Monday, May 4, 2015

Following the Iron Brush

In a few days I'll be attending a 6-day class, Introduction to Japanese Metalwork, with the esteemed Ford Hallam. I've posted up about him here on the blog a few years back. To bring you up to speed, these two video's will show his approach to his craft:






This is an overview of the intro course, shamelessly pilfered from Ford's forum Following the Iron Brush:


Introduction to Japanese Metalwork Class 

On the introduction course we'll be shaping and heat treating all the chisels and punches we’ll be using. We’ll also cover the basics of chisel use, carving, raised and wire inlay work and touch on patination. As with all my teaching we'll be dealing with aspects of the aesthetics of the work and developing good working technique and skills also.
This is what we'll cover in the 6 days, we'll be cramming in a ridiculous amount of work but most people seem to up to the challenge.
1. Kebori chiselling exercise -- feather 9 cm x 5 cm copper plate.
2. Kata-kiri chisel exercise based on 'Ei' kanji. Also simple bamboo 'painting'
3. Introduction to inlay, silver heart shape in copper, raised inlay with basic carving and shaping. Also basic wire inlay.



4. Main inlay and carving exercise, ginko leaf in shibuichi on a copper disc 45mm diameter and slightly domed. Traditional Rokusho based patination.



I'm sure I'll be in way over my head, but I'm interested to have this experience, to absorb what I can from a person who is by all accounts a fine and generous teacher. I have a longer term goal/hope of incorporating some of these techniques into the making of custom cabinet hardware - possibly even architectural hardware.

The intro course runs for 6 full days, after which I can return home for a couple of days. After that, back up to New Hampshire for Ford's 3-day course in Nunome Zōgan, the art of inlaying silver into an iron background. Ford has a photo album featuring this technique- found here. Here's an example of a finished piece:



Thanks for visiting the Carpentry Way. 

8 comments:

  1. Fantastic! Two of my favourite craftspeople coming together! Really looking forward to reading about this!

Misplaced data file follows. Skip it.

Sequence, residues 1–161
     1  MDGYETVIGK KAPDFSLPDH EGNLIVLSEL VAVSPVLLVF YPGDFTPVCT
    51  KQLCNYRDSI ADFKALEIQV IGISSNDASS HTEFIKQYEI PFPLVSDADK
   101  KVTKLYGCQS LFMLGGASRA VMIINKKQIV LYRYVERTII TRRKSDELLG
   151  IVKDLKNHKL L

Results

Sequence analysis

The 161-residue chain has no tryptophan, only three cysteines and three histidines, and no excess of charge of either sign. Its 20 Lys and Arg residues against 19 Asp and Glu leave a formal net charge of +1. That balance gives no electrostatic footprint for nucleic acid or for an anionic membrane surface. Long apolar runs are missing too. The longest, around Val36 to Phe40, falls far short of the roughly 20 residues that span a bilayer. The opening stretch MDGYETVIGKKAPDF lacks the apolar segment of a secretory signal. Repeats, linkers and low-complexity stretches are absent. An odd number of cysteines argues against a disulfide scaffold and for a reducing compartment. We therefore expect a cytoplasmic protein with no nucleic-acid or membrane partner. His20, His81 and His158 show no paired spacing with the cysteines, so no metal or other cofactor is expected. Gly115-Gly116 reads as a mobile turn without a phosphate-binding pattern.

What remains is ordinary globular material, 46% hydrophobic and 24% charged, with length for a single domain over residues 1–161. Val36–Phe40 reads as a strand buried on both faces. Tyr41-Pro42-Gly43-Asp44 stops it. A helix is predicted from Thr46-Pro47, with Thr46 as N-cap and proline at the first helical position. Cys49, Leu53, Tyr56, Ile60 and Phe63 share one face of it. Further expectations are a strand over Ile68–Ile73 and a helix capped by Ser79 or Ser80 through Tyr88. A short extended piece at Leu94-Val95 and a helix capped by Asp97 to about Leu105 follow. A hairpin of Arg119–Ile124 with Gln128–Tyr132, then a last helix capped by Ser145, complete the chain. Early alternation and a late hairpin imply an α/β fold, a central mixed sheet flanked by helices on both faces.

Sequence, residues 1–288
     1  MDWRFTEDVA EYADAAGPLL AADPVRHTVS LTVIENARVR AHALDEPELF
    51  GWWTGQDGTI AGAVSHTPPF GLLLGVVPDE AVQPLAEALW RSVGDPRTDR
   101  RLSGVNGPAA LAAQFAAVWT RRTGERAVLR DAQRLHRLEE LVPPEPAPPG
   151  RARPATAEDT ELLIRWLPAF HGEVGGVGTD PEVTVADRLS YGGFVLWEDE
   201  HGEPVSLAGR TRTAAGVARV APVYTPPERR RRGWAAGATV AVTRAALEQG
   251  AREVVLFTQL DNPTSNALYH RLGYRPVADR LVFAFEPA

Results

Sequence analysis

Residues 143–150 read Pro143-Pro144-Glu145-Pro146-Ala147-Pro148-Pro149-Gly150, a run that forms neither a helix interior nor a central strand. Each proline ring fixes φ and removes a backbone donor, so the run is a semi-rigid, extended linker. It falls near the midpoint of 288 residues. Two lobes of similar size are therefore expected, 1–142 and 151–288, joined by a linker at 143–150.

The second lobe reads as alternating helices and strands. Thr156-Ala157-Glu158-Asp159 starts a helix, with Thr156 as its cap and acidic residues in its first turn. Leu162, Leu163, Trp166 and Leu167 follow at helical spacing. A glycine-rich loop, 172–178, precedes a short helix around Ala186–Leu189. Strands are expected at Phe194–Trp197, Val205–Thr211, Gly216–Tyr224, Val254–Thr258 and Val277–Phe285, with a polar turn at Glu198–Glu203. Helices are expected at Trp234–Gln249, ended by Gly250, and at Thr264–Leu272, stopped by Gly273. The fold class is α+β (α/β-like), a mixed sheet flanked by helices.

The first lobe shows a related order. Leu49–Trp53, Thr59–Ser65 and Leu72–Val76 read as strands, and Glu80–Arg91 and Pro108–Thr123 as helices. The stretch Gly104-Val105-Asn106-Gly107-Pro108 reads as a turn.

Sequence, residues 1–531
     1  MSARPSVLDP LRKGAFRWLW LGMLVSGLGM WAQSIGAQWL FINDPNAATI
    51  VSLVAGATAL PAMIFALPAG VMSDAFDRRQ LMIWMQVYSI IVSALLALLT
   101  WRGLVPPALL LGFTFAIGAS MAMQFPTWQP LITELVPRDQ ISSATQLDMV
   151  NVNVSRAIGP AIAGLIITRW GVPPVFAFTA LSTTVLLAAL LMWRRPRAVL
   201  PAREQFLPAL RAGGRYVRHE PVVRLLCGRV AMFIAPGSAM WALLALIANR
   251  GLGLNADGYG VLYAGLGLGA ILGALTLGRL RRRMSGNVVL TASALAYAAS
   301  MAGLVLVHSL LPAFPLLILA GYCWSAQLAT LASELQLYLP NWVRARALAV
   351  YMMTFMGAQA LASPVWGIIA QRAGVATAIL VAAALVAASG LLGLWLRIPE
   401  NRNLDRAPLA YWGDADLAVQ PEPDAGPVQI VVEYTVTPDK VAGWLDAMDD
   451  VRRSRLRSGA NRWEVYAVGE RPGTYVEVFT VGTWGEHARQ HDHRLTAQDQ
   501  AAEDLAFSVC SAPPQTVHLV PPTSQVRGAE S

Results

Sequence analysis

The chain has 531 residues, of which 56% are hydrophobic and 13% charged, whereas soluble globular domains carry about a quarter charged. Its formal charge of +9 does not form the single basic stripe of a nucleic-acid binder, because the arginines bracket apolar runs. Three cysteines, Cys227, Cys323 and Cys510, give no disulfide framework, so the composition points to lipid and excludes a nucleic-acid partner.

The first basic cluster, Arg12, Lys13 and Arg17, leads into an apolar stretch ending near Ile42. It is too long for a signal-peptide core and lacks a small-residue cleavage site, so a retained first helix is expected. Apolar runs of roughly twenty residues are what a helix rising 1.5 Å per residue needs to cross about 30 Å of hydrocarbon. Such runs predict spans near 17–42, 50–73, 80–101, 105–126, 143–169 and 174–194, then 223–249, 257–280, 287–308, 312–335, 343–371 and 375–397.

_tassos

    ReplyDelete
    Replies
    1. Thanks for responding.

      I'm hoping Ford won't mind if I take some pictures and do a little blogging about the experience.

      ~C

      Delete
  2. These classes look fantastic, Chris. I'm in the thick of my own long-term project, but I look forward to putting a great class or two back into the mix, hopefully later in the year. It's well past time for me to put my time in on "Kanna and Nomi 101", so perhaps I'll see what my options are there.

    Cheers!

    ReplyDelete
    Replies
    1. John,

      I may offer a class at the end of the Summer, so that might be of interest to you, who knows?

      ~C

      Delete
  3. Hey Chris, Looks like a great class. I remember this from when you first posted it. I haven't commented in a long time but I still look every day.

    Charlie Mastro

    ReplyDelete
    Replies
    1. Charlie,

      good to know you're still out there! Hope all is going well for you.

      ~C

      Delete
  4. Wow- I'm insanely jealous! I had no idea how Japanese crafted metal ornamentation like this- I always just assumed they were cast. The infinite care, patience and detail reflected in Ford's work is incredible. Props to you for taking the time to develop your skills in other areas of craftsmanship, Chris.

    ReplyDelete
    Replies
    1. Joshua,

      thanks for the comment. Glad to have had the opportunity to bring this sort of metal art to your attention.

      ~C

      Delete

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